MUMBAI: Indian automakers are increasing their marketing spend, despite signs that sales in the category are falling.
The Economic Times reports that expenditure in the sector is up by around 40% in the present fiscal year, when compared to 2010. Separate figures show that actual sales in the category have declined by 4% over the same period.
Carmakers' need to spend extra on marketing has been boosted by the category's increasingly crowded schedule for product launches.
In the last few months, Renault has unveiled its Fluence sedan and its Koleos SUVs while Tata is promoting its "crossover" Aria range. Elsewhere, Honda Siel has launched its Brio range of small cars, while Toyota Kirloskar is concentrating on its new Etios sedans and small cars.
Looking to the future, around 30 new car launches are also expected in India for 2012.
Anil Nair, chief executive & managing partner at ad agency Law & Kenneth, said the launches had been a crucial factor in raising overall adspend for the category.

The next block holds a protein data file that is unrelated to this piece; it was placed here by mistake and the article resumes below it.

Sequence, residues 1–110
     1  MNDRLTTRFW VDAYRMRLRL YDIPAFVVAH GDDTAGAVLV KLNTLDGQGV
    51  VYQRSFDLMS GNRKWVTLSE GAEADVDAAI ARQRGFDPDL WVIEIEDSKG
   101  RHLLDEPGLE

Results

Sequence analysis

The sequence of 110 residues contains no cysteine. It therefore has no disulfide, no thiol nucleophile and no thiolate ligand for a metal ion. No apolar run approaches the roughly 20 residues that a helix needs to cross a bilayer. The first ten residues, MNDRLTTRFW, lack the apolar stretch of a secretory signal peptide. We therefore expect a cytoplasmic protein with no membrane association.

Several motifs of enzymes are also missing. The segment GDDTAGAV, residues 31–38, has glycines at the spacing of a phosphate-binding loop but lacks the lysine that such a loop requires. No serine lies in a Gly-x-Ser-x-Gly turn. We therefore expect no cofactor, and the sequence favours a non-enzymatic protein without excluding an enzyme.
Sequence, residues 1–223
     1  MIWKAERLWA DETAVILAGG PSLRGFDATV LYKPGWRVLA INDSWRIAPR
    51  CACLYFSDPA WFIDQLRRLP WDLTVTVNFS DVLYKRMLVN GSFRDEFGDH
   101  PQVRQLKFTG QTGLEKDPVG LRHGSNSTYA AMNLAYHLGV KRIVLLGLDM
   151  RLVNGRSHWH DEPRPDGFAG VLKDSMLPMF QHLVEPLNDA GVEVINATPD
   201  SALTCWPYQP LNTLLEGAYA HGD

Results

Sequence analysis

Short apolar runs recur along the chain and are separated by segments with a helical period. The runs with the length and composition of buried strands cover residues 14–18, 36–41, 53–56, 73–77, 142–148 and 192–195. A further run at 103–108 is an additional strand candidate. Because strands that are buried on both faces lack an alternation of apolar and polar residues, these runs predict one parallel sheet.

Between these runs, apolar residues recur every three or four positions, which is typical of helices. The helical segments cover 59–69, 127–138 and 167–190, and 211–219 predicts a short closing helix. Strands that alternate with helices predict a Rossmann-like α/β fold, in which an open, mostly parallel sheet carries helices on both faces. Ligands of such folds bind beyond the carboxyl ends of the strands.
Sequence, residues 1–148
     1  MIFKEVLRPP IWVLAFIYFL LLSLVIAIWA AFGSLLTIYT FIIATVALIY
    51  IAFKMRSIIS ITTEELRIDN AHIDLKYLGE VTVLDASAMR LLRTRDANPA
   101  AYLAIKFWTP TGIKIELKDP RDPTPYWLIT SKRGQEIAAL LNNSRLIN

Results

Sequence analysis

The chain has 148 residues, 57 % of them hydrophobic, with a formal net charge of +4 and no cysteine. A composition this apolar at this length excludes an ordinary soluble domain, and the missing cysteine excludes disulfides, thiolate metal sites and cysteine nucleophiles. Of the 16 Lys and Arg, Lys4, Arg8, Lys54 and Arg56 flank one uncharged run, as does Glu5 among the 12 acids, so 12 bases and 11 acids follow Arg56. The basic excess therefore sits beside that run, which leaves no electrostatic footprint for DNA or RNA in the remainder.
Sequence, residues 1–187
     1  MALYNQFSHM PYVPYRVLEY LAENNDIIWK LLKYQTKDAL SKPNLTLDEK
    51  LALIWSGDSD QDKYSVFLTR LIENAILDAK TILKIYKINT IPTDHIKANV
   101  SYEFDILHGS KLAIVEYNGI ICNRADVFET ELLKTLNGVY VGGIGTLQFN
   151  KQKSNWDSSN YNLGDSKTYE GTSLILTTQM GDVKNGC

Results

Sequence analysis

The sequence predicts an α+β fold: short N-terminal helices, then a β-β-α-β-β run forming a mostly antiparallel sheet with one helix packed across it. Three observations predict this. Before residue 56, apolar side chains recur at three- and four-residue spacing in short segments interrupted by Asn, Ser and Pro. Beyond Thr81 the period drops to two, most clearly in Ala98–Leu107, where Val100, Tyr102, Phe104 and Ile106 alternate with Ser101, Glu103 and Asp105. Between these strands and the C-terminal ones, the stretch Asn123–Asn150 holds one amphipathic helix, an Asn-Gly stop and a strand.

"If I am producing 1,000 cars, I need to get them on the road," he told the newspaper. "So auto brands have no other option but to continue spending in marketing and advertising."
Signs of a cooling economy, with ratings agency Moody's predicting this week that annual Indian GDP growth could drop from 8.5% in 2011 to below 7% in 2012, have added to the pressure on car manufacturers.
With consumers less willing to spend tha before, budget allocation has been shifted towards generating short-term sales, rather than long-term brand-building. Much of the extra marketing cash is going towards "tactical spend" – promotions, discounts and free extras – rather than above-the-line ad campaigns.
Shashank Srivastava, chief general manager for marketing at Maruti Suzuki, told the newspaper that the firm's tactical spend, as a proportion of the total marketing budget, has risen from its normal 30-35% to 55% in the current fiscal year.
"When the going is good, one tends to spend more on the brand but when times are difficult one has to resort to discounts, subventions and schemes," Srivastava added.
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Data sourced from Economic Times; additional content by Warc staff